A Full Heart and an Empty Jar

A Full Heart and an Empty Jar

Ash Wednesday marks the beginning of the season of Lent. Each weekday morning, we’re going to spend a few minutes in a passage in John. Here’s the goal: read it, pray it, share it. Every post will have a passage of Scripture, a short prayer, and a question to meditate on and talk about. In a few minutes every day, we can prepare our hearts for all that God has planned in this season of Lent. 

Read: John 4:7-30
A woman from Samaria came to draw water. Jesus said to her, “Give me a drink.” [8] (For his disciples had gone away into the city to buy food.) [9] The Samaritan woman said to him, “How is it that you, a Jew, ask for a drink from me, a woman of Samaria?” (For Jews have no dealings with Samaritans.) [10] Jesus answered her, “If you knew the gift of God, and who it is that is saying to you, ‘Give me a drink,’ you would have asked him, and he would have given you living water.” [11] The woman said to him, “Sir, you have nothing to draw water with, and the well is deep. Where do you get that living water? [12] Are you greater than our father Jacob? He gave us the well and drank from it himself, as did his sons and his livestock.” [13] Jesus said to her, “Everyone who drinks of this water will be thirsty again, [14] but whoever drinks of the water that I will give him will never be thirsty again. The water that I will give him will become in him a spring of water welling up to eternal life.” [15] The woman said to him, “Sir, give me this water, so that I will not be thirsty or have to come here to draw water.”

[16] Jesus said to her, “Go, call your husband, and come here.” [17] The woman answered him, “I have no husband.” Jesus said to her, “You are right in saying, ‘I have no husband’; [18] for you have had five husbands, and the one you now have is not your husband. What you have said is true.” [19] The woman said to him, “Sir, I perceive that you are a prophet. [20] Our fathers worshiped on this mountain, but you say that in Jerusalem is the place where people ought to worship.” [21] Jesus said to her, “Woman, believe me, the hour is coming when neither on this mountain nor in Jerusalem will you worship the Father. [22] You worship what you do not know; we worship what we know, for salvation is from the Jews. [23] But the hour is coming, and is now here, when the true worshipers will worship the Father in spirit and truth, for the Father is seeking such people to worship him. [24] God is spirit, and those who worship him must worship in spirit and truth.” [25] The woman said to him, “I know that Messiah is coming (he who is called Christ). When he comes, he will tell us all things.” [26] Jesus said to her, “I who speak to you am he.”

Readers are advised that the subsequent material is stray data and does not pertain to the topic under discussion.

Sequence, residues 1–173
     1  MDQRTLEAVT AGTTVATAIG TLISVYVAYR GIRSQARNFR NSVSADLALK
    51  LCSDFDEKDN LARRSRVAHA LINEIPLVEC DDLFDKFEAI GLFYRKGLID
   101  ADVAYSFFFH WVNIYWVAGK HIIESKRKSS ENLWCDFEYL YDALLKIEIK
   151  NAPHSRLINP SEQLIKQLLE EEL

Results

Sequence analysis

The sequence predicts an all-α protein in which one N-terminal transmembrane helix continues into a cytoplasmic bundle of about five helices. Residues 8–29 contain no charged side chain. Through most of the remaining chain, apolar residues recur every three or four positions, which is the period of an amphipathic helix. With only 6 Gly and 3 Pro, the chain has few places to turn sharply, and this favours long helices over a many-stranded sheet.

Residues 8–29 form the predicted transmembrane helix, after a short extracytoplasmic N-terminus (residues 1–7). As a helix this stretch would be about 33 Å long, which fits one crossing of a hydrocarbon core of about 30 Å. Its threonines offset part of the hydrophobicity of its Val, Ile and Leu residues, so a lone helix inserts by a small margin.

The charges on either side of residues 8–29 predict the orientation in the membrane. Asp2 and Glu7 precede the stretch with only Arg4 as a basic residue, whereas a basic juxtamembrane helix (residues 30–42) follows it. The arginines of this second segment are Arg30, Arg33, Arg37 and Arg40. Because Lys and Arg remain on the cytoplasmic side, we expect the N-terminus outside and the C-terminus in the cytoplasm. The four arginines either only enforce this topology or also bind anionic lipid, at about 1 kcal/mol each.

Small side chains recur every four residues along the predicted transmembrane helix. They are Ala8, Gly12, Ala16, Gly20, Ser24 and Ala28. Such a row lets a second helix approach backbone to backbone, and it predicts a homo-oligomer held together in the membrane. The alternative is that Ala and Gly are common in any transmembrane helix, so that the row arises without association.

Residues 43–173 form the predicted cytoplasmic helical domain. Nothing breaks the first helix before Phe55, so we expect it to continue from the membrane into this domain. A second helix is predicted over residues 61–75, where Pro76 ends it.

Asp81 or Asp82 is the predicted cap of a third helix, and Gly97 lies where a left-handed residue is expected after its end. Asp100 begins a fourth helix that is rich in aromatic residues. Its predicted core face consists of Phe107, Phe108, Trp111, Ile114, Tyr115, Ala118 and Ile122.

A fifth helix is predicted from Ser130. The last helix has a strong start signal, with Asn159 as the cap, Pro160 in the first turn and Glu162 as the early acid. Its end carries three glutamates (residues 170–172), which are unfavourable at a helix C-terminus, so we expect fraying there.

[27] Just then his disciples came back. They marveled that he was talking with a woman, but no one said, “What do you seek?” or, “Why are you talking with her?” [28] So the woman left her water jar and went away into town and said to the people, [29] “Come, see a man who told me all that I ever did. Can this be the Christ?” [30] They went out of the town and were coming to him. (ESV)

Why was Jesus at this well in Samaria? It wasn’t common for Jews to go through this way, but Jesus insisted. It wasn’t normal for Jews to associate with Samaritans, but Jesus crossed the boundary. It wasn’t expected that a Samaritan woman would ever have a conversation with a man like Jesus, but he initiated the conversation. Jesus came to that well to change this woman’s life.

The conversation turns out to be the longest one recorded in the Gospels. As expected, Jesus cuts right to the heart of the issue, she doesn’t have a husband problem, she has a worship problem. The eyes of her heart have been looking in all the wrong places to find value, satisfaction, and rest. That’s about to change.

Throughout the Gospel of John, Jesus uses all kinds of metaphors to make this same point: he’s the only one who can satisfy. He is living water, bread of life, the good shepherd, the only true sustenance for our souls. I wonder if this woman came to the well even knowing what she was truly looking for? She probably came looking for nothing more than a full jar of water to take home. Then things changed. “Can this be the Christ?” she said as she ran back into town. Jesus would prove to be the Christ, her Savior and Lord, and that day she went home with a full heart for the very first time. 

Lord, you made me so that I can only be satisfied in you. Reveal the places in my heart where I’m looking for something else to make me whole. Root out the half-fixes and show me the peace of knowing you more each day. Thank you for being inexhaustible, ever-present, and personal. Amen.

Why is it so significant that Jesus crossed cultural lines to speak with this Samaritan woman? What strikes you about their conversation?

The Samaritan woman went away telling everyone about her encounter with Christ. How can you tell someone today about the encounter you’ve had with Christ?
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